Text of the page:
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The panel on the left represents a conquered war-like Thracian tribe called the "Bessi" that were located in the area of modern Bulgaria. Augusts' armies campaigned against them in 35, 29, and 11 BC. The figure wears a belted dress and a long cloak veiled over the head. The distinctive headband is an attribute of Dionysus and alludes to the well-known enthusiasm of the Thracian tribes for the god. The conical hat on the ground was probably another ethnic marker. (from the description of the panel in the Museum of Aphrodisias). The inscription on the base reads in Greek: ΕΘΝΟΥΣ ΒΕΣΣΩΝ "Ethnos Bessi."
The panel on the right represents the island of Crete—the name is visible in Greek on the base. The classical hairstyle, dress, and pose characterize the figure as civilized and 'free', as opposed to barbarian and captive. Attributes are missing from both hands. (from the description of the panel in the Museum of Aphrodisias). The inscription on the base reads in Greek: ΚΡΗΤΗ "Krete."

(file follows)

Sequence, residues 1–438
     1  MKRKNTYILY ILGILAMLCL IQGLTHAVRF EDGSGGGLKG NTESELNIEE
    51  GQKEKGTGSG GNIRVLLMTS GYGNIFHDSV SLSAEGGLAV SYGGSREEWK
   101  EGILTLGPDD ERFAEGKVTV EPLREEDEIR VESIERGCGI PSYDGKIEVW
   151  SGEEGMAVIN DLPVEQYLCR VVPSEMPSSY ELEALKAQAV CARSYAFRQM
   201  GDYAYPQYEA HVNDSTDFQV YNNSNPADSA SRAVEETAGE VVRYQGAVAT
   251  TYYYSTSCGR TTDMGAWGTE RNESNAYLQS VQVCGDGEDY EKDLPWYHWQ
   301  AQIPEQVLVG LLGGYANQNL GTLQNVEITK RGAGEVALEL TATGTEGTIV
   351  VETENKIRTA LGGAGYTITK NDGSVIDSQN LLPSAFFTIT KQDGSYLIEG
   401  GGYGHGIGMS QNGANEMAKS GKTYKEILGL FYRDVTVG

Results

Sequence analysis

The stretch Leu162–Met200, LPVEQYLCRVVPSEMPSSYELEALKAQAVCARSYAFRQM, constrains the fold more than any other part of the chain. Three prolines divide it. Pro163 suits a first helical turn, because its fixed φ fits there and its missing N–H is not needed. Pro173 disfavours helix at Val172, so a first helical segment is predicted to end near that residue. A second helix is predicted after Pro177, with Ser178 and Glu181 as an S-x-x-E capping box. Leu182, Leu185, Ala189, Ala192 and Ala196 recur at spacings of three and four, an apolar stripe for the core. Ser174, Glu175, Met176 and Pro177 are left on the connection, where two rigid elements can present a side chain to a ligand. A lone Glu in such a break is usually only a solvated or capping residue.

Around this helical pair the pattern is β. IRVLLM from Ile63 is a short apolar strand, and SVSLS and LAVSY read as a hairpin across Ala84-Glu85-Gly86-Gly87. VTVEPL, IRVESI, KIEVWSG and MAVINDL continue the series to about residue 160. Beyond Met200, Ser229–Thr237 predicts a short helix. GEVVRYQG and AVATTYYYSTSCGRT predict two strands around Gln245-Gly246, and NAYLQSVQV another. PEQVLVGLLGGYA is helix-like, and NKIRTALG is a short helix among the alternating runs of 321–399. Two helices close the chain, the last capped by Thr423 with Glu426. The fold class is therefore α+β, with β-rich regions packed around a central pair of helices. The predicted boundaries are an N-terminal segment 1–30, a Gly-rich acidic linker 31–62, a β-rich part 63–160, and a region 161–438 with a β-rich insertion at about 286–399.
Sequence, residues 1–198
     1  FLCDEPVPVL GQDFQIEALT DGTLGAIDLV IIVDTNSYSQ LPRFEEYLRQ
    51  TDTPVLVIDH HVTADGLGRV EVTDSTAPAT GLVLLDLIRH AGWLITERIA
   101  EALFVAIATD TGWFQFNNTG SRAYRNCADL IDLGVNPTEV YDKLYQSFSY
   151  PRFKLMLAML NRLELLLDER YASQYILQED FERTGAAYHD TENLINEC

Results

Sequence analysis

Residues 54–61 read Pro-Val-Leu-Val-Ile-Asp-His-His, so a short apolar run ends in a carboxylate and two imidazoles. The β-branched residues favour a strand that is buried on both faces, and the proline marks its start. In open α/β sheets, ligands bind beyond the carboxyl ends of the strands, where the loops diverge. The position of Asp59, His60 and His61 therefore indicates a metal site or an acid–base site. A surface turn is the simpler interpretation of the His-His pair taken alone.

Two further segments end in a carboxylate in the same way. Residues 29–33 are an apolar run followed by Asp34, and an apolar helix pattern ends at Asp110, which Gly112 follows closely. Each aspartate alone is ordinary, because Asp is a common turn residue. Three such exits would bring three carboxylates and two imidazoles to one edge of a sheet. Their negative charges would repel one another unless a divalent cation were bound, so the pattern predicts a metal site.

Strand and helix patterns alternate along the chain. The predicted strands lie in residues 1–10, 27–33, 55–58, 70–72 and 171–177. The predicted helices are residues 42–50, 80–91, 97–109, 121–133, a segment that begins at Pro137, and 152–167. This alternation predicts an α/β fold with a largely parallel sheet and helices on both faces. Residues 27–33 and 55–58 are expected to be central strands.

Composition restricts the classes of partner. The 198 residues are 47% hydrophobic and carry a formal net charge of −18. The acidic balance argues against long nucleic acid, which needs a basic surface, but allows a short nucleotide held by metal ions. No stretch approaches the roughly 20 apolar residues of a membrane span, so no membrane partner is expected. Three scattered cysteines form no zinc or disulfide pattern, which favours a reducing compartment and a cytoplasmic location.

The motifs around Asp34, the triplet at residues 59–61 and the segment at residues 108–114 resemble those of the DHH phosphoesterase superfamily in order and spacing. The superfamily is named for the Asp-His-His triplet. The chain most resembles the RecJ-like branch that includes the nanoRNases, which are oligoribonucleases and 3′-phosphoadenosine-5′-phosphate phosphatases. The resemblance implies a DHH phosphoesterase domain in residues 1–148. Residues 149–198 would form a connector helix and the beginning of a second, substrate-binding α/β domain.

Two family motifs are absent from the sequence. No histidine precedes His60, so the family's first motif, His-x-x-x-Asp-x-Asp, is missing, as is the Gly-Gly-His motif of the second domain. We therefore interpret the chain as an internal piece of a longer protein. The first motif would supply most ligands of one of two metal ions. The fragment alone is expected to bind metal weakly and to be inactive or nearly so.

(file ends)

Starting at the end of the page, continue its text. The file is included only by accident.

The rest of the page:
The Sebasteion was a complex of structures that served as a municipal imperial cult sanctuary. It was dedicated to Aphrodite, the main deity of Aphrodisias, and to the "gods Sebastoi"—that is to the "August Ones," namely Julius Caesar and his successors. Local elite persons built it to solidify their ties with Rome. Its construction began during the reign of Tiberius and continued into the reign of Nero.